Another appealing feature of the slot machine is that one does not really need to think as the machine does everything for you (except insert the money, determine the bet, and press the button for spinning the reels). In games such as blackjack, one needs to think about the probabilities that the next card may put them over 21. There are intricacies in the rules and betting strategies of roulette and craps. Moreover, how many people really know about the rules of Pai Gow Poker or Caribbean Stud? Do players really want to ask the attendants or dealers about how to play these games (or attend a workshop)? In most cases, probably not for a variety of reasons (not the least of which is demonstrating a potential stigmatic ignorance or naivety to the casino).

Furthermore, in these table games, there is greater opportunity for human interaction. This would be through the dealer and other players. Although people may sit next to you in a row of slot machines, they tend to focus on their machine unless the player next to them received a bonus (in which sounds will go off) or if the sound of the other’s machine is too loud. In many cases, this mental solitude may be reinforcing especially if escape is of importance.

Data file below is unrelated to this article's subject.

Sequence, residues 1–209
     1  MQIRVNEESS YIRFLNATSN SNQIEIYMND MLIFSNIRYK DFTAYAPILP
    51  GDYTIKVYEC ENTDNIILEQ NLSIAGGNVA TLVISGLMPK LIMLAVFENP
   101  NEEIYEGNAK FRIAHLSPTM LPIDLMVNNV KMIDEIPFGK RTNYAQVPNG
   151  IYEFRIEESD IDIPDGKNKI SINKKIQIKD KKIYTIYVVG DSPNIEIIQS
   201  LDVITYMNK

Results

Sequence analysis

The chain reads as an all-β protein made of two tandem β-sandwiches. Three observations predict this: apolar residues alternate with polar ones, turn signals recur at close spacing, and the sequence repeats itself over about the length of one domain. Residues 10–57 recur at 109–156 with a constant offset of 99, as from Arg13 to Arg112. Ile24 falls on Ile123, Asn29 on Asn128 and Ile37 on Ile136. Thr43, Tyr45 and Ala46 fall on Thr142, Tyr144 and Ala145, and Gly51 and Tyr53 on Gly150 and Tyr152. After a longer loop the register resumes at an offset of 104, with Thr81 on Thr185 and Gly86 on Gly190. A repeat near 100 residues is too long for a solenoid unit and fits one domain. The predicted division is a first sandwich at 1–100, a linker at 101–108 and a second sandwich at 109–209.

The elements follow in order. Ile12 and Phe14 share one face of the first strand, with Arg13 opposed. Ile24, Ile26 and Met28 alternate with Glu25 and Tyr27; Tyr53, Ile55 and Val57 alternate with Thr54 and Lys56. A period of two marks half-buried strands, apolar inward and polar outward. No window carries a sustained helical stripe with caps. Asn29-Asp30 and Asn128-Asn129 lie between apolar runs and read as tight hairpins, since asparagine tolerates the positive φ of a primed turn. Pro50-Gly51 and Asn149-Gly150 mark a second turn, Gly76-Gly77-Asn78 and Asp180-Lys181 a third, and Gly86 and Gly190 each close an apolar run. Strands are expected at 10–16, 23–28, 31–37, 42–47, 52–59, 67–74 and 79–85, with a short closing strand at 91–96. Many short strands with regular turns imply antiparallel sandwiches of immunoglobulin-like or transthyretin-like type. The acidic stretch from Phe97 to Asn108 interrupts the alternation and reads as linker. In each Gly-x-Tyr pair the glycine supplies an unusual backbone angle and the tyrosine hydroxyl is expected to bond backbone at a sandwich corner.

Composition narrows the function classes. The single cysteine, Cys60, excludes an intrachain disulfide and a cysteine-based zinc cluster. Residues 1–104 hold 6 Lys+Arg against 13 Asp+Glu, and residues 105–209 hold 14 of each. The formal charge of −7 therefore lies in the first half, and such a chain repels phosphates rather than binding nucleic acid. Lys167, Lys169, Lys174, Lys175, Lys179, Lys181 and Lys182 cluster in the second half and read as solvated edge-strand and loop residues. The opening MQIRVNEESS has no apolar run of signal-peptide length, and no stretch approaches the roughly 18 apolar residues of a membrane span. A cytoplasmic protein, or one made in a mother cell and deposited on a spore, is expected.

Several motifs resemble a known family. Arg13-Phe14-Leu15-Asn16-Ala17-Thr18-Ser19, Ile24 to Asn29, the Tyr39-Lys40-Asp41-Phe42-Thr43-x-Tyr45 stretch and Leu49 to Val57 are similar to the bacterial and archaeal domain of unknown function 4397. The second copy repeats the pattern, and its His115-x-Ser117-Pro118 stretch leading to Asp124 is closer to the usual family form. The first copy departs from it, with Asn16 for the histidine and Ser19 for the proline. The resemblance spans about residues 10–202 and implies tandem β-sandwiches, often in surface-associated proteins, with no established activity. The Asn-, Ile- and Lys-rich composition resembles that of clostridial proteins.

The combination of any or all of these reinforcements (plus others that may not be mentioned), may interact leading to a gambling addiction for slot machines. The addiction may be cognitive and it could also have physiological roots as well. For example, examining the near-miss situation (e.g., a jackpot symbol appeared on the first two of three reels), there was greater heart rate, skin conductance responses, and smaller post reinforcement pauses than for either winning or losing outcomes [13,14]. Furthermore, fMRI data determined that there was greater mesolimbic (reward) and ventromedial activity given these near-miss situations [15].